Smith said even though there were strong feelings after the breakup of CTIB, Hennepin County is working with Dakota County leaders on the Orange Line.
Dakota County Commissioner Tom Egan said he would like to continue working with regional partners to extend the Red and Orange BRT lines to Lakeville.
“In spite of much acrimony and consternation, Dakota County has proven the prudence in its decision to withdraw from CTIB,” he said. “All former CTIB counties have found the benefits of forming more strategically aligned partnerships with other counties while operating independently when appropriate.”
Holberg said the MVTA’s express bus Kenrick Avenue Park and Ride is at capacity and additional investments are going to have to be made along the I-35 corridor.
She said discussions are also happening regarding transit routes from Hastings to Minneapolis-St. Paul.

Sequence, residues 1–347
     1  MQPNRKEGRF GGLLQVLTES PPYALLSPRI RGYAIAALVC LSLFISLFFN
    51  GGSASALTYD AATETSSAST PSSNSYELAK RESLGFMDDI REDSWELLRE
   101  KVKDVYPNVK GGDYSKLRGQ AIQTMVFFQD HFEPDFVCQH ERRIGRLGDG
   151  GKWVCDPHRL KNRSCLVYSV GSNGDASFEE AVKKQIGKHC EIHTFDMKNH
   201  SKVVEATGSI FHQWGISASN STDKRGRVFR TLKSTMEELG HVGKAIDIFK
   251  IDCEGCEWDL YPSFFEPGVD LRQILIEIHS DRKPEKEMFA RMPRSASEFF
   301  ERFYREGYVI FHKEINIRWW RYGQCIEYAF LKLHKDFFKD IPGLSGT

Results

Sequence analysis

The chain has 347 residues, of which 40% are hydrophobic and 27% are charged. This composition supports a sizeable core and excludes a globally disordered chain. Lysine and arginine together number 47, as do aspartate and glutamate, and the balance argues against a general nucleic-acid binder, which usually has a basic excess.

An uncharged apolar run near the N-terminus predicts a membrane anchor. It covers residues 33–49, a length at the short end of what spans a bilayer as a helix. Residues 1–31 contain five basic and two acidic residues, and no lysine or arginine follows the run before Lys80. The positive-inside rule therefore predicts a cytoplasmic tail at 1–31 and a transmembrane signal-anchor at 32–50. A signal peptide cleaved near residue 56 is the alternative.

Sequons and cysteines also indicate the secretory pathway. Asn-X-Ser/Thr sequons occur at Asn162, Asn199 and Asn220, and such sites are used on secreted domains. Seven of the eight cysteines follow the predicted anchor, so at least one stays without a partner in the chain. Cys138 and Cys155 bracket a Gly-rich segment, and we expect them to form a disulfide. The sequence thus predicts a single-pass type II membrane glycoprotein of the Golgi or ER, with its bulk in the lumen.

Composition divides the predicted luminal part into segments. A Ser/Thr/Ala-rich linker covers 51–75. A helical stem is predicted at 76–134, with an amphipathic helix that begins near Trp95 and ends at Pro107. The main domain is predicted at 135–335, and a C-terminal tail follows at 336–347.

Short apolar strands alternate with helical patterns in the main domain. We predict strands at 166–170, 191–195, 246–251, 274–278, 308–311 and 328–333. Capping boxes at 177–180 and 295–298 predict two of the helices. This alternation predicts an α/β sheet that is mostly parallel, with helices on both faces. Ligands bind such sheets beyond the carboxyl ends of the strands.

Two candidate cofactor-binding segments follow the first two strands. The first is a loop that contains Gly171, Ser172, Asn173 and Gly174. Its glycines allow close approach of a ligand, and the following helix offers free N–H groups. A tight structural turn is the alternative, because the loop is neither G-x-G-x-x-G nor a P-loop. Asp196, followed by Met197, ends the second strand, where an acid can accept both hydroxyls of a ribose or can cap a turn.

Holberg said talks are happening with regard to a shuttle service from Airlake Industrial Park to the Cedar Avenue Red Line stop, and working with Minnesota Valley Transit Authority to connect the Red Line to Dakota County Technical College in Rosemount.
Smith said there is pent up demand for Dakota County transportation projects.
Egan said during an interview about the CTIB breakup in March that Dakota County has $500 million in unmet transportation needs.
Among the larger projects that are slated to be completed in 2018 are improvements to the intersection of County Road 26 (Lone Oak Road) and County Road 43 (Lexington Avenue) in Eagan, reconstruction of a stretch of Highway 55 at County Road 42 near the Rosemount-Hastings border and County Road 32 (McAndrews Road) from Highway 3 in Rosemount to Pilot Knob Road in Apple Valley.
There is a long list of other projects in the works for the coming years, and Holberg said some of these are going to be accelerated because of the Dakota County Transit Sales Tax.
“But the reality is some of this is going to take time to ramp up,” she said.
Two of the County Board’s goals for 2018 are to begin the Eastern Dakota County Transit Study and complete the Principal Arterial Study.